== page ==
Back to the basics. That was the Cincinnati Bengals' game-plan, good old-fashioned power football. Hand the ball to your power runningback and let him run wild. This is provided that your offensive line can open running paths, and consistently man-handle the opposing defense.
Someone should have informed Bengals runningback Cedric Benson that this meeting between the Browns and Bengals was expected to feature a runningback that was going to "run wild" on his opponent, however it wasn't supposed to be him.
Benson, with what at times seemed to be little resistance, bullied his way for 150 yards and one touchdown, aided by an offensive line that man-handled the Browns defensive line the entire game. This failure to stop, or at least slow down Benson would leave defense coordinator Rob Ryan standing on the sideline shaking his head, and at one point caused Browns Coach Eric Mangini to intervene and signal in play-calls.
Carson Palmer, quarterback for the Bengals, would pass for 209 yards on 14 completions adding to the total yardage against the Browns, a total of 397 yards. The inability of the Browns to stop the Bengals, allowed a time of possession in favor of the Bengals: Bengals 38:03 to Browns 21:57.
No one enjoyed this defensive failure by the Browns more than the Bengals punter, who did not have to punt until the last five minutes of the game. The failure by the Browns defense to contain Benson, who had only ran for 100 yards in a game twice this season, was a major factor in this loss.
Now, on to the Browns offense!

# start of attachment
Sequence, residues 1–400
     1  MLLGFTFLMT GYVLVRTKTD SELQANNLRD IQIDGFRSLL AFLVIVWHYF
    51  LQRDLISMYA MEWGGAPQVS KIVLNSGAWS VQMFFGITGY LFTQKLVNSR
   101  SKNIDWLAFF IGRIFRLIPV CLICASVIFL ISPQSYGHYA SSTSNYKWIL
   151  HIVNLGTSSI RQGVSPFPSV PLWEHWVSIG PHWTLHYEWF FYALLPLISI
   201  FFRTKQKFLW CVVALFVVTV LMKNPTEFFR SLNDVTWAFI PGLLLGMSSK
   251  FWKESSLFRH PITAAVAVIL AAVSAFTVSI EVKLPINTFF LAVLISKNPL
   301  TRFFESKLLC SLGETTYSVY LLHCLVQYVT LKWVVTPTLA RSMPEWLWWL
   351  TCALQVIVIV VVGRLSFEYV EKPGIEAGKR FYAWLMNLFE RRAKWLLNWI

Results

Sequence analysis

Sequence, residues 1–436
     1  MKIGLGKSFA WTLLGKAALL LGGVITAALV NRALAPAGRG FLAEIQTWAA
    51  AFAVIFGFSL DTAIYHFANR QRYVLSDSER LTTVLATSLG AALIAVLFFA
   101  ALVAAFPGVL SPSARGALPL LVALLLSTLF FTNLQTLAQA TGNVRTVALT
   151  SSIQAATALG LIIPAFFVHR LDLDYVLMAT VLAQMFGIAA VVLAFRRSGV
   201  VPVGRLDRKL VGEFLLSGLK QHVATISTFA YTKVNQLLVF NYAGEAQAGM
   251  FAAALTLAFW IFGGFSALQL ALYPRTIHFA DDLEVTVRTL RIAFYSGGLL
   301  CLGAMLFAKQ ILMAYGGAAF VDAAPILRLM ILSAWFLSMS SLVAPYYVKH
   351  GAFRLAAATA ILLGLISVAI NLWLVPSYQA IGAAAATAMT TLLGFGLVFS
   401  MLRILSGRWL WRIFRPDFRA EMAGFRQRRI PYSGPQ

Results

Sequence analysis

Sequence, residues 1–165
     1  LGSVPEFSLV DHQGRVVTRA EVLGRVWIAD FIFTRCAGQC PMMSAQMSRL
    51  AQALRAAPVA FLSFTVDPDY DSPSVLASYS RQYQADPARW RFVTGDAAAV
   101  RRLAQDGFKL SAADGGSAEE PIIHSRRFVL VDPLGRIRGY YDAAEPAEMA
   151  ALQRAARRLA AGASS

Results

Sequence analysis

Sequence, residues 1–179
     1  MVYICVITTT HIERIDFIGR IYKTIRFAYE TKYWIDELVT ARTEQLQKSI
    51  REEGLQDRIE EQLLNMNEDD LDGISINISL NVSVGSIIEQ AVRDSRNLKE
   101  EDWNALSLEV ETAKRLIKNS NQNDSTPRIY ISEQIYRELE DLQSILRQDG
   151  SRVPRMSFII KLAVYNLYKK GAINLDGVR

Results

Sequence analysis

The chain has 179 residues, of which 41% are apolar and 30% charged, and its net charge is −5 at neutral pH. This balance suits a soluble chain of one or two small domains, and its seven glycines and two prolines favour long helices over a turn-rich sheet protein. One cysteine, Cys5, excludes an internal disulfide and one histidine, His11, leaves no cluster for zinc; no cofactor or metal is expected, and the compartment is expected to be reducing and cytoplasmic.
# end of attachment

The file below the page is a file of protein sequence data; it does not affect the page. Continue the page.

Peyton Hillis, the runningback that was suppose to run wild, was held to 59 yards on 14 carries. The Bengals, knowing that Hillis is supposedly the main factor in the Browns offense, had a defensive game-plan with one major objective—stop Hillis—and they did. The 14 attempts by Hillis where the only attempts by a Browns runningback.
Talk about being predictable, where was Mike Bell or anyone to possibly rest Hillis or force Cincinnati to make an adjustment? Yes, I am aware that Hillis has been the only productive running-back this season, however when something is not working—you must try something else.
One more item before we move on--Rob Ryan was not the only coach that Mangini overruled during this contest. Brad Seely, special teams coordinator was overruled also, with Mangini calling for an onside kick near the end of the game. Although this did not work in favor of Cleveland, I do agree with the call.
Yes, when there seems to be nothing but dark skies above, if you look hard enough you just might see a small ray of sunshine trying to break through---enter, Colt McCoy.
Colt McCoy, rookie quarterback of the Browns, started his sixth game of the season, coming off a one month absence due to an ankle injury. Once again McCoy showed a poise, determination, and a passing accuracy unexpected from a rookie with such little NFL experience. All the chatter of recent weeks about the Browns having a one dimensional offense can be put to rest.
Colt McCoy completes 19 passes for 243 yards, two touchdowns and a passer rating of 132.6.
In the first quarter, McCoy would target Robert Royal for a 20 yard pass, resulting in Cleveland's first touchdown. After a dismal second and third quarter, McCoy would throw a strike to Brian Robiskie, a 46-yard pass that would result in a touchdown with 2:13 to play. After failing to cover an onside kick, the Browns offense would sit on the sidelines and watch the Bengals gain a much needed first down, and proceed to run out the clock.
In the few games that McCoy has played for the Browns, he has shown a poise, determination and superb accuracy on his throws. He has proven to be an intelligent quarterback with a desire to protect the ball. He has thrown some questionable passes, made a few bad reads and taken a few sacks where he should have just thrown the ball away—this can be expected from a rookie.
With proper coaching and more experience, McCoy may be the quarterback that the Browns have so desperately been seeking. His performance thus far has given Browns fans something to cheer about, and added spark to a rather lackluster offense.
A glimmer of light may be breaking through the dark clouds that have hung over the Cleveland Browns for the last few years.
Aside from that—the kid is fun to watch!
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